After a two-year Covid-related delay, the immersive night-time experience LIGHTSCAPE has made its way to the Royal Botanical Gardens in Melbourne this winter.
First launched in the UK a decade ago, LIGHTSCAPE has been attracting viewers across the UK and US, and for the first time ever it’s getting a prime run here in Australia. After the unfortunate cancellation of last year’s Rising Festival, an event like LIGHTSCAPE is more necessary than ever. Despite, or rather in spite of, the skin-bitingly cold winter weather, Melbournians are eager to return to the normalcy of ‘precedented’ times and showed up in droves to experience this entrée to what we can only hope will be an exquisite arts season.
Upon first entering the main entrance of the Royal Botanical Gardens, the feeling of community and gathering is enhanced by an assortment of picnic tables and food trucks. Guests are invited to gather and enjoy steaming cups of mulled wine, hot foods, and traditional Italian gelato before making their way into the gardens. The energy is high despite the weather with many children and adults wearing light-up headbands, eager to become fully immersed in the event ahead.
Walking into the gardens and stepping onto the main walking trail, the darkness of the night is broken by the warm glow of neon pink, red and purple lights among the trees. Projectors positioned on lamp posts beam indigenous artworks and photography on the ground, guiding you into the first leg of your journey, while the National Herbarium exterior is overlaid with projections of flowers. It only gets brighter and more beautiful from here.
A grand scale art experience the likes of which will remind some of previous White Night events, LIGHTSCAPE takes over the Botanical Gardens’ full 1.8km walking trail, winding past picnic areas, event rooms, over bridges and through a forest until you’re deposited at the park exit. Each section of the trail is highlighted by a unique light display and speckled with drink and dessert carts. It’s an impressively large undertaking, with over 100,000 lights spread across an array of structures and artist installations, like the winter cathedral and light sea, paired with ethereal music and sound provided by major partner, Sony Music Entertainment.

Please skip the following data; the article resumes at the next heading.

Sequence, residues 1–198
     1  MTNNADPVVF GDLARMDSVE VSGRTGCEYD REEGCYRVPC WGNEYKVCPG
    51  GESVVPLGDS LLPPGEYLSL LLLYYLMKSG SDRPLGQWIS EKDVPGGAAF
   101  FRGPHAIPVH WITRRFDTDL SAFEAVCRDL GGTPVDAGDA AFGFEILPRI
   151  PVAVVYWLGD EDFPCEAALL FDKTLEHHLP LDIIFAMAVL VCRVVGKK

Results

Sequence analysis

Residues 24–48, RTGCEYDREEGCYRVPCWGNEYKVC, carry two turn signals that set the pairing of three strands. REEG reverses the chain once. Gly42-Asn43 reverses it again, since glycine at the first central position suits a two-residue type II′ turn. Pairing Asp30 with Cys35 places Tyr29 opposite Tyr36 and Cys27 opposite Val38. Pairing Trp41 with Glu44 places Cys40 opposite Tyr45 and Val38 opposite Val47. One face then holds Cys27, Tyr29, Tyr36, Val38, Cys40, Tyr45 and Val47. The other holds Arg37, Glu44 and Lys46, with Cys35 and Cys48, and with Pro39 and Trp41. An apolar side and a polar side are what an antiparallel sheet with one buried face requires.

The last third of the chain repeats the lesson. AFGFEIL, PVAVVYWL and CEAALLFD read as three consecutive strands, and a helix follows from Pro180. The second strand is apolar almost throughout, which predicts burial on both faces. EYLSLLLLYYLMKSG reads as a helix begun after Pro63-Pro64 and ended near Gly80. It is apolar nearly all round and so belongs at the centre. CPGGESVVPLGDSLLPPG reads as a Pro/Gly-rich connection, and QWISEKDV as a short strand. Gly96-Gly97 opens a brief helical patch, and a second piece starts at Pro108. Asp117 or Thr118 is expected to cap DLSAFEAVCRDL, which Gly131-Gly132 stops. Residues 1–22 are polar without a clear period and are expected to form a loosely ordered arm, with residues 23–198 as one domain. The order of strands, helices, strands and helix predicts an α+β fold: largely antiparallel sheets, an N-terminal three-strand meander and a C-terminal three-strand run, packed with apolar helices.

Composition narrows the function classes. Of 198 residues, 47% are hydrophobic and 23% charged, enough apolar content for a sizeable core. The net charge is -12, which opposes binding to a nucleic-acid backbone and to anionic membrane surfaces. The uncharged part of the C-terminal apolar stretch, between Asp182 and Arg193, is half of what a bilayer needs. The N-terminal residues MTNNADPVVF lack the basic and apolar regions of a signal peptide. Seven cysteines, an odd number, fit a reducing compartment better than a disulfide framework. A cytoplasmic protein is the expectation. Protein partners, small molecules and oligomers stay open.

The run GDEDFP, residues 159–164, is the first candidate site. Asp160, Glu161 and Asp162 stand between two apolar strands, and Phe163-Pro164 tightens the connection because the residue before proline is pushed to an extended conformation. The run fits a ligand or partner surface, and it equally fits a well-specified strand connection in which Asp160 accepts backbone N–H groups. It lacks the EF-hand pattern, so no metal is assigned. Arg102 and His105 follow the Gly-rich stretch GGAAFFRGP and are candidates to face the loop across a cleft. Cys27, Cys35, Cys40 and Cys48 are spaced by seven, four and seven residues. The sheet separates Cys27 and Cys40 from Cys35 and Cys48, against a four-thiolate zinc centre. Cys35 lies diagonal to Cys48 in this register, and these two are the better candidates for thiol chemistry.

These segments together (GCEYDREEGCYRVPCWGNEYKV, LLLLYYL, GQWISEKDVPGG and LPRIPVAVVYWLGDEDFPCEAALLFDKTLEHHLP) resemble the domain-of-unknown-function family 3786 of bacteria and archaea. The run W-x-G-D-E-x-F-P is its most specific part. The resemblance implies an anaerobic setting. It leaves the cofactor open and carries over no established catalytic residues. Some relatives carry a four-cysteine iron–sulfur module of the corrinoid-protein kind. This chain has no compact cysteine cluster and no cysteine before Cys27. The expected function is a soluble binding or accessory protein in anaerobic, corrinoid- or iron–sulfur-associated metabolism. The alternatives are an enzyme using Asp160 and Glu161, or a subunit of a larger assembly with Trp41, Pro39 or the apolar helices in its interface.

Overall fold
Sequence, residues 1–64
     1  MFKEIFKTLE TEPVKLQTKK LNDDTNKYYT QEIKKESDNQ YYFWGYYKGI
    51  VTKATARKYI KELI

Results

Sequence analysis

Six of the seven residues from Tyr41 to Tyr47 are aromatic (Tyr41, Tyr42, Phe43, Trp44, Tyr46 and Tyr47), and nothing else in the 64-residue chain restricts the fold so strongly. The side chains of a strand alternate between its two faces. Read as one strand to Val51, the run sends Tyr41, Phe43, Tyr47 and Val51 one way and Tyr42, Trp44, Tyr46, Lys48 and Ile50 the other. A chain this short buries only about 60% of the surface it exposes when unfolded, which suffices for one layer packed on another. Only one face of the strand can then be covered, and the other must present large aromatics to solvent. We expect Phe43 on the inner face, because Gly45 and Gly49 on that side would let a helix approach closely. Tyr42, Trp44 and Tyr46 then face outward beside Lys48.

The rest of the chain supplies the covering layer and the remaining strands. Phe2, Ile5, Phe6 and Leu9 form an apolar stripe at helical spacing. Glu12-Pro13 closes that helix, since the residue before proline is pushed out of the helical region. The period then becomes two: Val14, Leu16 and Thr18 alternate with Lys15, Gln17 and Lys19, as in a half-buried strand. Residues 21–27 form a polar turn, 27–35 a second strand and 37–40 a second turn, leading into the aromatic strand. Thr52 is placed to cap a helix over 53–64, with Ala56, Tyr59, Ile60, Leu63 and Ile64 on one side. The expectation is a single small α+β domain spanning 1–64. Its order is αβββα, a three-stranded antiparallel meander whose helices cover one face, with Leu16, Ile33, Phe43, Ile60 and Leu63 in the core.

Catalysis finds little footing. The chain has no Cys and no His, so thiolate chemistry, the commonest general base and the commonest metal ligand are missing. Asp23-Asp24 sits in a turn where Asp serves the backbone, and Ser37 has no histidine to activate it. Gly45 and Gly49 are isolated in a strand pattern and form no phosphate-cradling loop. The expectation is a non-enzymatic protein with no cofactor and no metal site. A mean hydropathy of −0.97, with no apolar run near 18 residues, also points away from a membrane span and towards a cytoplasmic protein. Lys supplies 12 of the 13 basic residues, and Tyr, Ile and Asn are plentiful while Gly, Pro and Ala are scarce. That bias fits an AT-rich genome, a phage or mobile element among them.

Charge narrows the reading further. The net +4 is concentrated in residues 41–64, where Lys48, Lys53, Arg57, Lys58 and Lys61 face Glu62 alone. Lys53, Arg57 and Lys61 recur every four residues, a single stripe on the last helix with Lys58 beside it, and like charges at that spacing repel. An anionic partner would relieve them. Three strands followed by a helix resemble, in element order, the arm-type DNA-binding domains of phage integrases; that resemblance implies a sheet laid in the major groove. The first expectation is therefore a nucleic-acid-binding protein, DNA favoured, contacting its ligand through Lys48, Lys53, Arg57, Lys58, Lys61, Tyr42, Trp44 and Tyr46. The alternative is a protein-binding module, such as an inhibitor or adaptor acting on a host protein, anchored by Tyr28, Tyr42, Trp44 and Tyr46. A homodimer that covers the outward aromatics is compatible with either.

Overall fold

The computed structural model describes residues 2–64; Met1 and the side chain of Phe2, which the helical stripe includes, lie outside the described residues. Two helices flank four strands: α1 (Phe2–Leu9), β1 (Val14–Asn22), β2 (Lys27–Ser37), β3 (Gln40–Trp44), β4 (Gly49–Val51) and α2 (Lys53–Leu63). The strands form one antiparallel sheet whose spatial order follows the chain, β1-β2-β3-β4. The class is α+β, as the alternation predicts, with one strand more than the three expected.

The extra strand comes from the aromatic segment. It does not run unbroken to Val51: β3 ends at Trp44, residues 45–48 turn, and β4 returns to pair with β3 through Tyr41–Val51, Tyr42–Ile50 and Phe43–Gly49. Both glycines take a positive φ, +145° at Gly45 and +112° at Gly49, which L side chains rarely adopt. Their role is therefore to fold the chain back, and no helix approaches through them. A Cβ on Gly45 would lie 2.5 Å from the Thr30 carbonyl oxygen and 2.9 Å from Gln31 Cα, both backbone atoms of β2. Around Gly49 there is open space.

LIGHTSCAPE feels otherworldly, comforting, relaxing and energising all at the same time. Some light displays are simple and pretty, others are intricate and detailed, and some visible from a distance, calling out to you and stirring your excitement for what’s yet to come. The whole walk takes at least an hour to get through, though you would be remiss to not take your time with all the displays as each one is totally engrossing. While the trail did get a bit overcrowded in places, the large open spaces allow for plenty of great photo spots and prevents the crowd from feeling too overwhelming.
It felt extremely good to see LIGHTSCAPE, yet another major arts event flourish in Melbourne after two years of struggles and cancellations. When the last of our city lockdowns cut the Rising Festival off 1 day into its run, there was a feeling of unease and uncertainty in the arts and culture community. But with the success of programs like this year’s Art After Dark, it’s clear to all that Melbournians, and our beloved arts industries, are being revived and renewed.
LIGHTSCAPE is on at Melbourne’s Royal Botanic Gardens until August 7th.
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